His friend Roger Avary went overseas to help him on the script, and ended up staying there to make his own film "Killing Zoe". This post is not meant to "attack" your statement, just correct.

Travis, no offense taken man

I was only reiterating the fact that he wrote the script in a video store. It was stated on the pulp fiction documentary, Pulp Fiction:The Facts. I know he was also working on scripts for True Romance and Natural Born Killers as well as My Best Friends Birthday. He also magaged to squeeze Res Dogs in there somewhere. He had started the whole "Three stories about one story" idea way back and it didn't (couldn't) come to fruition until Quinton got some practice under his belt. He basically said it was a project he couldn't finish until he got more experience. I may be remembering the documentary incorrectly, as it's been a bit since I watched it, but I am pretty sure this was the case...

I think we both agree though, Quinton is the ****



Like tears in rain...
Originally Posted by SPIDEI2_MAN__
Finally...im glad some people spoke up instead of the negative critisicm i got after i posted this..

But i still don't understand how bruce willis's charcter is connected to the main story??? and what about peggy sue what does her drug addiction have to do with anything?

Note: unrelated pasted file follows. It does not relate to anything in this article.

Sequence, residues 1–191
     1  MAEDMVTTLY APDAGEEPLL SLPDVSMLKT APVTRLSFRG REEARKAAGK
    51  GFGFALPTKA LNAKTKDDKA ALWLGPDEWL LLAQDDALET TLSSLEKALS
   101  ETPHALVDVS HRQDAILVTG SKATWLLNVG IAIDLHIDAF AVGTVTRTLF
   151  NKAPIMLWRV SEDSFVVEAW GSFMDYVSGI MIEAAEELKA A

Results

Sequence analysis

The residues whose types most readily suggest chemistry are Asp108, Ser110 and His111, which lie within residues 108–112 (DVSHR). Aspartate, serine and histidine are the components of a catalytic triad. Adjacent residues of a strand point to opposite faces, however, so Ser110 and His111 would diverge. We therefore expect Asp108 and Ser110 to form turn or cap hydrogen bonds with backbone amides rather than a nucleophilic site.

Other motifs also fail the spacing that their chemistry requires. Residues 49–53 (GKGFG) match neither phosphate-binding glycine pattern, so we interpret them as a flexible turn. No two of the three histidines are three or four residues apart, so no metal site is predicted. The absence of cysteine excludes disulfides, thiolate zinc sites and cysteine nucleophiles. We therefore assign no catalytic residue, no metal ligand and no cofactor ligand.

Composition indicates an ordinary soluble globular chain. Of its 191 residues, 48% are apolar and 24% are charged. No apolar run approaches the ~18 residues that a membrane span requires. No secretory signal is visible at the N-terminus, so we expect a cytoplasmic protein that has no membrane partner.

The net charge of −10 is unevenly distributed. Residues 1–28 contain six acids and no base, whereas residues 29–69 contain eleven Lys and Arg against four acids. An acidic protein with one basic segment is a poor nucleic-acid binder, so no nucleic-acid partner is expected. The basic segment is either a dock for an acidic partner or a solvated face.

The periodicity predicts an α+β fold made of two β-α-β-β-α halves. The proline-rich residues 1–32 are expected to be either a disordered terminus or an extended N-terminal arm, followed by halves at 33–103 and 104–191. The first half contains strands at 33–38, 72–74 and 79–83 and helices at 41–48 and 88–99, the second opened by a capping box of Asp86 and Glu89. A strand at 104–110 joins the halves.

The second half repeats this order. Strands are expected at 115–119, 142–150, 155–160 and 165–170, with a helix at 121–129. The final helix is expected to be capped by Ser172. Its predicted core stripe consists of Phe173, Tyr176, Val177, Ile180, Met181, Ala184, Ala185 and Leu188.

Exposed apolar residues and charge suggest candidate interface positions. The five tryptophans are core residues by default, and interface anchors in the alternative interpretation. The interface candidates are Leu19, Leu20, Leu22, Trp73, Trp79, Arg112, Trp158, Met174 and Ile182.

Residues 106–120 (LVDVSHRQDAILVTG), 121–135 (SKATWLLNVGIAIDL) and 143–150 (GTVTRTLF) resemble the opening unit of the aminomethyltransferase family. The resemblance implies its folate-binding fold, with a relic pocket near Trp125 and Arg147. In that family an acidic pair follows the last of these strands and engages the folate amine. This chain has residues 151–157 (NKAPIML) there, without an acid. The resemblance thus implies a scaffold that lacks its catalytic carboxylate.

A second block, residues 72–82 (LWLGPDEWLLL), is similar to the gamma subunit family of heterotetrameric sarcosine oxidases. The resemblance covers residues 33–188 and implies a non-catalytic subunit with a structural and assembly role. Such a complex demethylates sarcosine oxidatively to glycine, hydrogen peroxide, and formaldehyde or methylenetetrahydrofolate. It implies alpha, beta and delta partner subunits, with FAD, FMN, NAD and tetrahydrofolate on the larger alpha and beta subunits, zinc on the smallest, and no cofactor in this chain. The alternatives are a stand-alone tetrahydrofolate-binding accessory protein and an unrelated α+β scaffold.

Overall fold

Bruce was the character that centered around the redemption idea I think, as well as Jules. Bruce was offered a deal (by the devil?) and he took it at first but at the last minute didn't go through with it. Meanwhile he kills a man. Later in the film I believe he is put in a position where he can work towards redemption (by saving his enemy). Jules "saves" the two robbers at the end, playing into the prophet that walks the earth theme mentioned earlier in the thread (Jesus?).

Again I bring up to cinematic homage he is paying to many films here:

I mentioned the Attache' Case inspired by Kiss Me Deadly

When Marcellus is walking across the street in front of Bruce's car, the scene is shot almost exactly like a similar scene in Hitchcock's Psycho.